Although James McGregor does not mention her, it is obviously Joni Mitchell who has provided him with this book’s title. It’s hard to forget the haunting refrain from what is arguably her most famous song, Woodstock: “We are stardust, we are golden,/And we’ve got to get ourselves back to the garden.” Mitchell’s is a mythic imagination, evident also in another of her well-known songs from the same era, Big Yellow Taxi: “They paved paradise and put up a parking lot.”
We might say that those of us who are concerned about the state of the planet will inevitably express our concern in terms of myth. We will adopt a narrative form of understanding that is broadly equivalent to the biblical story of the Fall. If we believe that something has gone wrong in our relationship with the Earth, we will necessarily have a notion of the moment when the error began: when we left the garden.
An obvious event to point to would be the large-scale industrialisation that took place in the 19th century. However, many green historians and activists have been known to adopt a much vaster timescale, and some have pointed to the Neolithic revolution that took place in the millennium before the common era. The argument goes that, prior to that event, Homo sapiens had lived lightly on the Earth, following the lore of the land and taking only what was necessary from it. It was, then, the move from a hunter-gathering way of life to an agricultural way of life that was decisive. Thereafter, the Earth was regarded as a body of resources to be not only cultivated but also managed and exploited.
It is this influential model of history that McGregor, a scholar of comparative literature, sets out to challenge in a fascinating work that is full of audacious insights. Back to the Garden is not an engagement with the mythic imagination as such – although it does refer at some length to Genesis, to Homer and Hesiod, and to Lucretius. What it offers us is thorough historical scholarship, skilfully deployed in support of McGregor’s thesis that it was precisely through agriculture that human beings learned to live in harmony with the Earth.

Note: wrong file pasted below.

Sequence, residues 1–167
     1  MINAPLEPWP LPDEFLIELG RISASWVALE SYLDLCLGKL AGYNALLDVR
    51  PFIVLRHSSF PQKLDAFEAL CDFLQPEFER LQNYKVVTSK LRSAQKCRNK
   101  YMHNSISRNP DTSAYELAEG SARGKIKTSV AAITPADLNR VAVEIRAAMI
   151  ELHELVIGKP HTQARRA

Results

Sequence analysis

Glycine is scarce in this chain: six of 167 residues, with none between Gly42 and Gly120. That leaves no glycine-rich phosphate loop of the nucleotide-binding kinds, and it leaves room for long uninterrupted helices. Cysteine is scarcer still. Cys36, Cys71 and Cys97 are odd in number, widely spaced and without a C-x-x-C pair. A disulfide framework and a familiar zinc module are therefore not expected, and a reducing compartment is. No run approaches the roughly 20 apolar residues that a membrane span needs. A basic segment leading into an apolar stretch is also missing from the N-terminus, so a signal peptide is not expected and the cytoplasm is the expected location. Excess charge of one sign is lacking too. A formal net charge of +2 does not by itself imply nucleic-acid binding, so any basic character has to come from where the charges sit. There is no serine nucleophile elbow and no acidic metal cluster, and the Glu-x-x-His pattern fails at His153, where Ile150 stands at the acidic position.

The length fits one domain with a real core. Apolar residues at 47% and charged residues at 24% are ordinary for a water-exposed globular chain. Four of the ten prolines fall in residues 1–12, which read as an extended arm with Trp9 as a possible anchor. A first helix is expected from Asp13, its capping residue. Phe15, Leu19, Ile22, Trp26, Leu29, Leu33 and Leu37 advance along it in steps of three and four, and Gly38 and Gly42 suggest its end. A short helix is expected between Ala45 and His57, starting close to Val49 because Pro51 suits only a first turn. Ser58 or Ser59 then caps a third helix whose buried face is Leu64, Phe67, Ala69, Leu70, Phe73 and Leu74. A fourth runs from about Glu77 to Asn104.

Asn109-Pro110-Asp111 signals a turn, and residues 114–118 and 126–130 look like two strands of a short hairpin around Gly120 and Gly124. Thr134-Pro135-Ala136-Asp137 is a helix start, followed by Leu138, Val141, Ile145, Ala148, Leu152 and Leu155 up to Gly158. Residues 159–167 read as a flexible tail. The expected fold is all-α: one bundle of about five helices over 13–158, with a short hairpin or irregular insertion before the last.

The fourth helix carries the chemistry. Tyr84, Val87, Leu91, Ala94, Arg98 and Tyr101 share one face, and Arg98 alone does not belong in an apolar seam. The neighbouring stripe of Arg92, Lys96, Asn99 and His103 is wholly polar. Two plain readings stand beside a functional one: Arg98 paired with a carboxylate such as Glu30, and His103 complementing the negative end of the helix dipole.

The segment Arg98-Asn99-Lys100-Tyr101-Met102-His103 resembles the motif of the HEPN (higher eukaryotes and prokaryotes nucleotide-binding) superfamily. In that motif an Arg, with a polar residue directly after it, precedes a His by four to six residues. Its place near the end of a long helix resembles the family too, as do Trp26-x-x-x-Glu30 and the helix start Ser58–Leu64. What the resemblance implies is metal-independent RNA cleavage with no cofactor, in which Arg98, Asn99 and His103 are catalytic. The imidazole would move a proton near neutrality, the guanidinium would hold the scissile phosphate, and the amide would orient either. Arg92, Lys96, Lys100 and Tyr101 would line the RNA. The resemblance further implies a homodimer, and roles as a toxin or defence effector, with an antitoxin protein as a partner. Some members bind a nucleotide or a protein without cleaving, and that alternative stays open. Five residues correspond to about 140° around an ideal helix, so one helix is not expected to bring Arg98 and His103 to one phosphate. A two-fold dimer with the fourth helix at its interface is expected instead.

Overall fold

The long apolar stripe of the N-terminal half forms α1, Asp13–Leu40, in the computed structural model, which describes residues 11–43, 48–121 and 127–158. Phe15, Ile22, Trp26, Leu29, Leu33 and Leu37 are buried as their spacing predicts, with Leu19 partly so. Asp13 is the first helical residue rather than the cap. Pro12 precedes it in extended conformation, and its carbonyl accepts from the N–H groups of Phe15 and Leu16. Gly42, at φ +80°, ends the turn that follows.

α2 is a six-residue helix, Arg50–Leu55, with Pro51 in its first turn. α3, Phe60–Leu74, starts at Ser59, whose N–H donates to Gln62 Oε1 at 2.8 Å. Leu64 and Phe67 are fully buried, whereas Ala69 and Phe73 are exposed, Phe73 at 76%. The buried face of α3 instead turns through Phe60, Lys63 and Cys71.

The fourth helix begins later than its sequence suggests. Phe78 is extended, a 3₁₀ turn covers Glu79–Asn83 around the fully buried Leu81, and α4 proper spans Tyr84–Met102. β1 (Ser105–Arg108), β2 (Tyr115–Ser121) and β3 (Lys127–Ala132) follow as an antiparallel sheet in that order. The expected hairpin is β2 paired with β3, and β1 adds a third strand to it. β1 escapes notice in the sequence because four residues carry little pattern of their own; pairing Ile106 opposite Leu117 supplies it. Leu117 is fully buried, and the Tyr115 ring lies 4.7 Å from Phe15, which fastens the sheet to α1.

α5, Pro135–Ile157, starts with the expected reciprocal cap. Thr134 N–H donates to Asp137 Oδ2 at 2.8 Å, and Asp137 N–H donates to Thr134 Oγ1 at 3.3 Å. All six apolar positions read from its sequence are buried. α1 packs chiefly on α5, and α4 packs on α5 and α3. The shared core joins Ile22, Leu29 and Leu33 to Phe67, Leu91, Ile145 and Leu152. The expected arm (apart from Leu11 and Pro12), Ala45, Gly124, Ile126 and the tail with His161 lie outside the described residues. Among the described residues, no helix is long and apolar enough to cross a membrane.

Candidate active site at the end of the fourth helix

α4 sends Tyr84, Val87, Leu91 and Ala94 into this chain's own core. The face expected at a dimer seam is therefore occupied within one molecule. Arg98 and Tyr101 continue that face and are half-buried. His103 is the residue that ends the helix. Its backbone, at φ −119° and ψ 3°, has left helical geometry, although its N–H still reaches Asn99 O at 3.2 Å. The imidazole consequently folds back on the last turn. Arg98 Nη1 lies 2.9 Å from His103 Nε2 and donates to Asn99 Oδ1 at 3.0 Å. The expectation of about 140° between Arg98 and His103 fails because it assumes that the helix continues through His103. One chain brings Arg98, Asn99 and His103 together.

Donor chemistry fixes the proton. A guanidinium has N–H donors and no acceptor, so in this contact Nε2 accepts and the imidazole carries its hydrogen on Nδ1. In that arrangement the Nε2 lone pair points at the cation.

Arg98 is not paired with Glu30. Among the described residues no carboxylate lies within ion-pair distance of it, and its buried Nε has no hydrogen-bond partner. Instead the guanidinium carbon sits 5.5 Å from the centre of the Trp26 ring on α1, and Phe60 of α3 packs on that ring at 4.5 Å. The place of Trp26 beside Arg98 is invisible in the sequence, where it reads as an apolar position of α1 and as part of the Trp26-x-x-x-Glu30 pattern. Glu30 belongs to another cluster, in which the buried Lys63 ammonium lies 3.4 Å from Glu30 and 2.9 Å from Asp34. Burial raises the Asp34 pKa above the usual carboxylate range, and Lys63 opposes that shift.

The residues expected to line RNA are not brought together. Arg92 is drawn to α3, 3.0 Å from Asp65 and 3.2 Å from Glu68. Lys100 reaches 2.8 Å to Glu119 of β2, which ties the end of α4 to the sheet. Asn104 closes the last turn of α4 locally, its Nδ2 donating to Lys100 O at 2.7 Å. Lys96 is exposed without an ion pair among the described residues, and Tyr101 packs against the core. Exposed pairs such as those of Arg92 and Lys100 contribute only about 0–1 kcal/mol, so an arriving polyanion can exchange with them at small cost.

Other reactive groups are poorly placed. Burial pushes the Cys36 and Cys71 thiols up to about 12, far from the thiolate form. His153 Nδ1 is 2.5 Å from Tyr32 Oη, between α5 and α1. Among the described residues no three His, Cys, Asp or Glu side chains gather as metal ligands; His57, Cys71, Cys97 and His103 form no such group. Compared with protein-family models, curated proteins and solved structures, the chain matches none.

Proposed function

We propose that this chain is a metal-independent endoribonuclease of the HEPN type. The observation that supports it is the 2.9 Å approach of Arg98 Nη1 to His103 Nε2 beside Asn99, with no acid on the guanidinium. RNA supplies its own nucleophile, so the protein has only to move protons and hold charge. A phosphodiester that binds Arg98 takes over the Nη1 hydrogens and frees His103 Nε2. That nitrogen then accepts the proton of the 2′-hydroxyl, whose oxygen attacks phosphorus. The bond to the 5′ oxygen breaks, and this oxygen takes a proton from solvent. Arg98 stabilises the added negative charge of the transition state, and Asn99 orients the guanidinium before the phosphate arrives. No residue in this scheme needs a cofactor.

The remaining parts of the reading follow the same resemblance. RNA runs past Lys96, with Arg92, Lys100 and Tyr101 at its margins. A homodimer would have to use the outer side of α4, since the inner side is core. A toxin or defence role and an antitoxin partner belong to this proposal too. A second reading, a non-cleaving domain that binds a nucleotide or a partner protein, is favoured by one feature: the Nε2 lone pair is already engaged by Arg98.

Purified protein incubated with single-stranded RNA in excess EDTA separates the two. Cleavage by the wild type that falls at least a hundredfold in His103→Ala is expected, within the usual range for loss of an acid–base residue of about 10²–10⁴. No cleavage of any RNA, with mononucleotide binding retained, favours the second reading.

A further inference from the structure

Charting the legacy of farming in the Mediterranean world over three millennia, he refers back constantly to a “consensus” that he calls “first nature”. This term might at first seem misleading, suggesting the state that existed prior to human intervention. But McGregor defends his usage by repeatedly emphasising the balance between human and non-human life that was effected by the respectful cultivation of the land, and which should remain our primary concern.
What, then, went wrong? McGregor leaves us in no doubt of the disastrous changes wrought by modern agribusiness: changes that have been aggravated by the overdevelopment of towns and villages catering for mass tourism. So he acknowledges a kind of Fall, but sees it as gradual – and, indeed, still happening. As for paradise, he would say that our best model of culture is “agri-culture”, and it is by restoring its balance that we will redeem ourselves and repair the Earth. To lament a lost wilderness, thought to precede it, can only distract us from this project.
Back to the Garden is an ambitious, challenging book that should prove indispensable to students of history, literature, ecology…and yes, myth.
Back to the Garden: Nature and the Mediterranean World from Prehistory to the Present
By James H. S. McGregor
Yale University Press, 384pp, £25.00
Published 26 February 2015